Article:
An emergency caucus meeting of the B.C. NDP has been postponed, according to the party's acting chair.


NDP Leader Carole James has said the most recent rift puts the very existence of the B.C. party at stake. ((CBC))

In a release, acting chair and Burnaby–Deer Lake MLA Kathy Corrigan said a meeting scheduled for 4 p.m. PT Sunday has been postponed indefinitely.

"Time is being given for private discussions to ensure that the clear direction set by our leader and our party is followed, to unite and offer British Columbians a positive progressive alternative in the next election," the statement said.

In an interview with CBC News following the release of the two-sentence release, Corrigan declined to comment further.

"I can't provide you with any information about the nature of the private discussion, but that is why the caucus meeting has been postponed."

It was expected New Democrat Leader Carole James would face her critics at the meeting, which was called following a revolt among her MLAs.

The meeting was scheduled after longtime MLA Jenny Kwan released a letter criticizing James and calling for a leadership convention.

Hope for unity

James hasn't said how she'll respond to Kwan and about a dozen other dissenting MLAs, but she has categorized them as a vocal minority trying to silence the majority. James has said caucus members will have a say about what to do with Kwan and the others.

Speaking to reporters after the meeting was postponed on Sunday, New Democrat MLA Adrian Dix said there is still hope for reconciliation within the party. 

'It's a very public show of breakdown with both political parties'—Kennedy Stewart

"What we want is a party that's united, that's presenting an alternative for British Columbians and working to the next election," he said.

"Hopefully, we're making progress on that and we've postponed the meeting so we can keep those discussions going."

Dix and other members of the NDP have been tight-lipped about the subject of the private discussions.

"The key question is coming together and being united and winning the election and presenting to people a strong opposition," Dix said.

"If this is the best way to get there then this is what we are going to do, so for the moment we are allowing the discussions to go along and let people work out some issues."

James not the problem, Campbell says

Meanwhile, Premier Gordon Campbell weighed in on the future of the NDP while making an appearance at a Christmas parade in downtown Vancouver on Sunday morning.

Campbell told reporters a new NDP leader wouldn't necessarily mean a stronger opposition. 

"It's not the person, it's the ideas. It's what they believe in. It's the principles they believe in, and I think one of the challenges for the NDP is that they have had trouble searching out the principles that they stand on, and that's their challenge," Campbell said.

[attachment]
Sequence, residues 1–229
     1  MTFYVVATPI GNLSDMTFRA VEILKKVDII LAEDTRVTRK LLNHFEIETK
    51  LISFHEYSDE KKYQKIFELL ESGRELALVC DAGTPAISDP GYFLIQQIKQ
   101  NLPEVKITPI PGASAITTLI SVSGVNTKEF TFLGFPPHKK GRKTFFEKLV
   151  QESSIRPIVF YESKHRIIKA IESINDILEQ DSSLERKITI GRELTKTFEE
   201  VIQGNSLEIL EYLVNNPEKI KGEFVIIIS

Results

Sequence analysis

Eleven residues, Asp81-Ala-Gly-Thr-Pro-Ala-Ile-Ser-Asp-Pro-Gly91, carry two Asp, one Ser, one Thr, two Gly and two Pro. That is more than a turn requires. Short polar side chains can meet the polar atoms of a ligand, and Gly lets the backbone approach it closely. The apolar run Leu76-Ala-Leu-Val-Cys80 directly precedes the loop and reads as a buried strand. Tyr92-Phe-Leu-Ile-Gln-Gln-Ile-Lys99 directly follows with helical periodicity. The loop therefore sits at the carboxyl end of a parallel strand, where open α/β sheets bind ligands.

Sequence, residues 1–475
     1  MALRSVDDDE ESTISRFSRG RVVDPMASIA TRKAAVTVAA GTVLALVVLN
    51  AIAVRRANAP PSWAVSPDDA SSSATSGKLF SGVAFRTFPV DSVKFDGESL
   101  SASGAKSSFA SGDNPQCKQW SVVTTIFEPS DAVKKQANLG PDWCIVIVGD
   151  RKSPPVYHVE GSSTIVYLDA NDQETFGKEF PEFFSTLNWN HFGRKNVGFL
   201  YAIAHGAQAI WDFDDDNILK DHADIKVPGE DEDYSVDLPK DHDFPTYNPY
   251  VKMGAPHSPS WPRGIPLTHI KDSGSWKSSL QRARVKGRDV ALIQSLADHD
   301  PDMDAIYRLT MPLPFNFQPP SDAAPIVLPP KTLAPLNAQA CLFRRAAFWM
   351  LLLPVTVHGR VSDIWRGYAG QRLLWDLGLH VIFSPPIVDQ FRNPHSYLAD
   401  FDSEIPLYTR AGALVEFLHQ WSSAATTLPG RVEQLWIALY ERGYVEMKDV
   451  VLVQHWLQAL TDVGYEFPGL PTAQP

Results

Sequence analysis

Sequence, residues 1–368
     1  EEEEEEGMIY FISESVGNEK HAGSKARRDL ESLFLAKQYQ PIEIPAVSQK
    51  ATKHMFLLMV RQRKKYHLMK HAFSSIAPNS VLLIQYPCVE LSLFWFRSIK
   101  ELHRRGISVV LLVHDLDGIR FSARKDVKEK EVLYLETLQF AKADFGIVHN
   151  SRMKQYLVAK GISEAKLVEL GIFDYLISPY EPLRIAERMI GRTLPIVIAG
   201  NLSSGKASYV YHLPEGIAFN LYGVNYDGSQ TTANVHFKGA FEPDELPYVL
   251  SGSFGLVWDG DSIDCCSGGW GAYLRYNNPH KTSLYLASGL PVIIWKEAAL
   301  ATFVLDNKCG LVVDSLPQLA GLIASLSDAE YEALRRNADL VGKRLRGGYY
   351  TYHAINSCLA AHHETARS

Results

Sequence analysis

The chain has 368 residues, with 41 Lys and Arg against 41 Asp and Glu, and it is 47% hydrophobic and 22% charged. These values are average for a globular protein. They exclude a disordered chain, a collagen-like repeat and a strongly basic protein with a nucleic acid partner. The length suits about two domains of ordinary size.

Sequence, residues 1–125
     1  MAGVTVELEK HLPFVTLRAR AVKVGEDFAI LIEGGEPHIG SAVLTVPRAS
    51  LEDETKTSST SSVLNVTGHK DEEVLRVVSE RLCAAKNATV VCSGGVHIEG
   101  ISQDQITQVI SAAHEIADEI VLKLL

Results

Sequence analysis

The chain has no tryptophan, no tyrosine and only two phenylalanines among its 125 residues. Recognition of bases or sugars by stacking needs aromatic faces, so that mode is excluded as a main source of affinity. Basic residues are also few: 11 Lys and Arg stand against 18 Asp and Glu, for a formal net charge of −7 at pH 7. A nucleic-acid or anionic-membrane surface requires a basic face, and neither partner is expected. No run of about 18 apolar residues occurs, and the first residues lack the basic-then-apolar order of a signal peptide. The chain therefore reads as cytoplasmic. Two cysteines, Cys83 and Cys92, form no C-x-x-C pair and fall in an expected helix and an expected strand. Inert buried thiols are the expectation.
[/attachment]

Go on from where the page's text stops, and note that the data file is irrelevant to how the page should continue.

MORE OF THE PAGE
"Our challenge is to be clear about where we are going in British Columbia and what we think we can accomplish in the province."

Campbell also hinted he may not stay on as MLA after a new Liberal leader is chosen.

"I think it's very difficult to stay on and in a caucus when you've been leader for 17 years," he said.

"I don't want to in any way cramp the style of the new leader and their opportunity to pursue the vision. I'll do what I can do to help the new leader, whoever that new leader is."

The Liberal leadership convention is scheduled to take place in February.

'Public show of breakdown'

Simon Fraser University political scientist Kennedy Stewart called the recent events in both the Liberal and New Democratic parties "extraordinary."

"It's a very public show of breakdown with both political parties," he said.

"You do have these extraordinary events that do happen across Canada, it just happens that we're having both parties go through the same thing right now in British Columbia. So ... it's not like aliens have landed from Mars or something, this is quite common in political parties, it's just pretty uncommon for it to happen in both parties at the same time."

Dissent within the NDP has likely been brewing for weeks, Kennedy said, even before the public was aware of the problems — so it's not clear what new ground will be covered in the upcoming private discussions.

"We've had a leader, Carole James, two weeks ago start drawing lines in the sand and then every two days there's another line in the sand and this seemed to be the final one — but it isn't," he said.

Stewart said either the dissident group has collapsed and will return "to the fold," or James will step down as the leader of the NDP in the coming days.

"It does make Carole James look extremely weak and ... even if she can survive this weekend, whether she can continue under these circumstances — it's very hard to say."

With files from The Canadian Press